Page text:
The findings of the study suggest that you’ll eat less if you’re more aware of the noise your food makes while you’re chomping away—a concept the researchers have coined the crunch effect.
Listening to yourself chew may seem odd at first, because most of us don’t pay much attention to the cacophony in our mouths. Noise is a sensory cue we tend to overlook when we’re eating, the study authors explained in a news release. According to Ryan Elder, an assistant professor of marketing at Brigham Young University’s Marriott School of Management, sound is known as “the forgotten food sense.”
To learn more about its potential impact on our eating habits, Elder, together with his colleague Gina Mohr, an assistant professor of marketing at Colorado State University, conducted a series of experiments.
In one trial, one group of participants wore headphones playing loud music while they snacked on pretzels, and another wore headphones playing quiet music while they grazed. The result: The louder music disguised the sounds of mastication, and people in the first group ate more pretzels on average. In another experiment, the researchers found that when the participants simply imagined chewing noises they consumed less.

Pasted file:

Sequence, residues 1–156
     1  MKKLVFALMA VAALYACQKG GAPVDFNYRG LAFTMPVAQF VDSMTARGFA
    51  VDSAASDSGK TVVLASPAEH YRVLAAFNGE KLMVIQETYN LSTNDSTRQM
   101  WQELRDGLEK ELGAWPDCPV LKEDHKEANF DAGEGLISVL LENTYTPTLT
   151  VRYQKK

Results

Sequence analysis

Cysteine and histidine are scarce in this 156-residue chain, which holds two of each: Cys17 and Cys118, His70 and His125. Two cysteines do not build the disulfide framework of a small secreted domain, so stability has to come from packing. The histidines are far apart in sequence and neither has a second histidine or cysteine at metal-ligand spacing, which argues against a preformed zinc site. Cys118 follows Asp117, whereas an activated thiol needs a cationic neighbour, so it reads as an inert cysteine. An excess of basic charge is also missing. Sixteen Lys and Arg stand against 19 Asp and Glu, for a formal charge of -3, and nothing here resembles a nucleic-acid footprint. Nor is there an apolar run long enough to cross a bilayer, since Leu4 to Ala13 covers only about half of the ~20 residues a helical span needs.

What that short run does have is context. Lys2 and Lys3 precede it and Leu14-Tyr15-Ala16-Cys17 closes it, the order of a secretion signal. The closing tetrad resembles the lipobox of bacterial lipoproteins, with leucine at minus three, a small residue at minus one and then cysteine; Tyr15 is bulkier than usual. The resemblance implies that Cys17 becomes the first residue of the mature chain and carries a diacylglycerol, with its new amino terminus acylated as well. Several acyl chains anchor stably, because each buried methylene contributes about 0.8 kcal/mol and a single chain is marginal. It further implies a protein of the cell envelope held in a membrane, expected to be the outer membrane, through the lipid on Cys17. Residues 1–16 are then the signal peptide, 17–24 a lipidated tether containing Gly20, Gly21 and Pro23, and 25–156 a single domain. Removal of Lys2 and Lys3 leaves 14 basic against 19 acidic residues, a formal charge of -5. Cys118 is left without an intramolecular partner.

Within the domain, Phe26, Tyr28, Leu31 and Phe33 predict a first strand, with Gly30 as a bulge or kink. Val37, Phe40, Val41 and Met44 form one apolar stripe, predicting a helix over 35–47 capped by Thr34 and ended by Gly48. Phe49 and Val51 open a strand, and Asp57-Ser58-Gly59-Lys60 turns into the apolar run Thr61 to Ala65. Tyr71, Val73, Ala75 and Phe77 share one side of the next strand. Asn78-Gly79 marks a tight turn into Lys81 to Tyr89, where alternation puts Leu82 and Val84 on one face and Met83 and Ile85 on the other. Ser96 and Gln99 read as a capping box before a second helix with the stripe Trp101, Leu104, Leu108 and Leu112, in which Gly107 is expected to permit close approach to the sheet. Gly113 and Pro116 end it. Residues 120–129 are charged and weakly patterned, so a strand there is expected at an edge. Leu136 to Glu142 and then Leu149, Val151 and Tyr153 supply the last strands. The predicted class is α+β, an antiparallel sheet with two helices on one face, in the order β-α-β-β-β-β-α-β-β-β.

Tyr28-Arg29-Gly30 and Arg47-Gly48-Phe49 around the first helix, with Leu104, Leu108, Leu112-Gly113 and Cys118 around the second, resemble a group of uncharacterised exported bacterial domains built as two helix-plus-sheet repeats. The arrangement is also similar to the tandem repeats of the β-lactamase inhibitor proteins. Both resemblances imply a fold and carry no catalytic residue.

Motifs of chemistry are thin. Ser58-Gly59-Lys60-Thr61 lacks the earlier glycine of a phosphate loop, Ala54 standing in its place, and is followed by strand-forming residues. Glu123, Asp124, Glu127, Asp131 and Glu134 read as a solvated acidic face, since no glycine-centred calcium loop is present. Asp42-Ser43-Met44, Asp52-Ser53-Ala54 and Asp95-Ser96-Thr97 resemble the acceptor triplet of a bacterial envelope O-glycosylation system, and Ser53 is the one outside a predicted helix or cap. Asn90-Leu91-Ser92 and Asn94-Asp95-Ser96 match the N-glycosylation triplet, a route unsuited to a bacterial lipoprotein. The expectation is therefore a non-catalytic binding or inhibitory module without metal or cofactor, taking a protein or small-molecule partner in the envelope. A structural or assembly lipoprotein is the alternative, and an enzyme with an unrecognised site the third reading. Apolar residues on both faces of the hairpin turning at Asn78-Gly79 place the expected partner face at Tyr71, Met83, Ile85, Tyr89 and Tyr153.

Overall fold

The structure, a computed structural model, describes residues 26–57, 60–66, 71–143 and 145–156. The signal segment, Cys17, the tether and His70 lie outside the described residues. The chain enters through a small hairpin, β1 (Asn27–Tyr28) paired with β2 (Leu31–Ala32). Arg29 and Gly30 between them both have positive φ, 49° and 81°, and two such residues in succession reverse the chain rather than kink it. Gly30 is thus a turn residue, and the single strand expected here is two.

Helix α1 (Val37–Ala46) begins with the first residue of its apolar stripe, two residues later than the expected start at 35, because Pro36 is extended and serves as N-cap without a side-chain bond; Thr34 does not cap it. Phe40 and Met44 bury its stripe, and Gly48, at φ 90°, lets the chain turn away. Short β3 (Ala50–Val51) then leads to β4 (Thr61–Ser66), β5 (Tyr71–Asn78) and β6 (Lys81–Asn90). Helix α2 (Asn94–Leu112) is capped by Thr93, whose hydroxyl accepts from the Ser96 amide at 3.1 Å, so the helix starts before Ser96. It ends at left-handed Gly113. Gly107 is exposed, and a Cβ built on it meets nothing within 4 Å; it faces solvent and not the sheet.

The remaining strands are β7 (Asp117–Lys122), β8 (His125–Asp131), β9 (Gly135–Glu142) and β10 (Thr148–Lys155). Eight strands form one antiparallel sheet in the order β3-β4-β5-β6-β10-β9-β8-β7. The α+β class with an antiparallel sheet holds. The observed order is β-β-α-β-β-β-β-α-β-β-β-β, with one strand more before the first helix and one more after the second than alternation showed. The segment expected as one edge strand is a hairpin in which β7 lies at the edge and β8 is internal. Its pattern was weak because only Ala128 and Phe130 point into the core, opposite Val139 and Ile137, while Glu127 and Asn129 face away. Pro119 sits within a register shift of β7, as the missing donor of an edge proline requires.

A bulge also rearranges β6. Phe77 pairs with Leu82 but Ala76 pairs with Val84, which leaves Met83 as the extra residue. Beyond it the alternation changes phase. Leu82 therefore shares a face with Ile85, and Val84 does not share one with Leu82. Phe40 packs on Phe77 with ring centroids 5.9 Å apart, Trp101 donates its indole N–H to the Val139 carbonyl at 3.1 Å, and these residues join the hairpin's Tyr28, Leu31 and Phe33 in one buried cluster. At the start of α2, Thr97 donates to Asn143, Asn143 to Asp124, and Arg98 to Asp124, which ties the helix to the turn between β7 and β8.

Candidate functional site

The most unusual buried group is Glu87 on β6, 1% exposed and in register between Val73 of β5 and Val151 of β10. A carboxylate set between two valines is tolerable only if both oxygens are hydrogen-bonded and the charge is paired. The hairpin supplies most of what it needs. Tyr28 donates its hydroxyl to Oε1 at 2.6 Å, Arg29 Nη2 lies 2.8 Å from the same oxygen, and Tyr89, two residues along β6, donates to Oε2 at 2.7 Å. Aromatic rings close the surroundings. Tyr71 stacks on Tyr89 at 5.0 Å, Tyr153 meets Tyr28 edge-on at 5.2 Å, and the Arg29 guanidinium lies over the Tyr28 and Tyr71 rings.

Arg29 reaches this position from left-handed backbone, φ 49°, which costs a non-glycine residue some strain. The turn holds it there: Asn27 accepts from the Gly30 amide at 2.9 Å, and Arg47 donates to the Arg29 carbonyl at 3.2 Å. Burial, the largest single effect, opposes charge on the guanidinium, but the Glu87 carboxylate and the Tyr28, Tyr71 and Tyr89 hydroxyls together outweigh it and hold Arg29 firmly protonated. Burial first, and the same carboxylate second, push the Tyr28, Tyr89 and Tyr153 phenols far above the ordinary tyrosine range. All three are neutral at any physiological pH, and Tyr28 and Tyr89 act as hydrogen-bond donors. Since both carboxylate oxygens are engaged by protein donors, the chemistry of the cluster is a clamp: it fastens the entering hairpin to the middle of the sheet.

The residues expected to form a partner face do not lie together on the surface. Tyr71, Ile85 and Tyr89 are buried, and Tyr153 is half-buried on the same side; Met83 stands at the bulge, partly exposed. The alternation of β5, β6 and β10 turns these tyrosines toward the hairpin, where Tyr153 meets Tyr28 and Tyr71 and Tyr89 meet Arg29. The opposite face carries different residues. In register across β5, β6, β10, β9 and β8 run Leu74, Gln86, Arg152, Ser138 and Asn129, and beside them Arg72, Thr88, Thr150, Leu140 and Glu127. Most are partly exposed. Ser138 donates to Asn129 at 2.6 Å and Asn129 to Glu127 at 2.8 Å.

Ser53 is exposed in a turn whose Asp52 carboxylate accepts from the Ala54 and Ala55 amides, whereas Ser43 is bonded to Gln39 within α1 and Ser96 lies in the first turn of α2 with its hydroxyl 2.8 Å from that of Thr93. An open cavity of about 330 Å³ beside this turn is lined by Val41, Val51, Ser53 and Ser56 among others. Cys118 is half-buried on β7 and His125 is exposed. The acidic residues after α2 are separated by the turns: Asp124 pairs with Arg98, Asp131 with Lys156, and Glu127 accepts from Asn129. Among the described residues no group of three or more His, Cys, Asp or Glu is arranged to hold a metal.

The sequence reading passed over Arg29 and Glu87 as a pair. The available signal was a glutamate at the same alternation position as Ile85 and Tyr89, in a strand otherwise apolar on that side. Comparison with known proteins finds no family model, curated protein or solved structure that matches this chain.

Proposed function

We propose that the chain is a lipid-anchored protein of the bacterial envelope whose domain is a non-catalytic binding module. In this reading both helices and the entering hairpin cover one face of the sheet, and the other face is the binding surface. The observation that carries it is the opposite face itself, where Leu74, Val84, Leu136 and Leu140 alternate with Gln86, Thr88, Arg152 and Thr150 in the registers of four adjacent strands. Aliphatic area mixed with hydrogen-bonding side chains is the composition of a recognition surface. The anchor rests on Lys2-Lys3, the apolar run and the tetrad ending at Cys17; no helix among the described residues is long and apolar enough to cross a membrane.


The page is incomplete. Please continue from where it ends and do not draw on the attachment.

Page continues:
The takeaway? Being mindful of your munching could lead you to have fewer chips, or cookies, or nuts. And that so-called crunch effect can make a difference in the long-term. As Elder put it, “over the course of a week, month, or year, it could really add up.”
By Kristine Thomason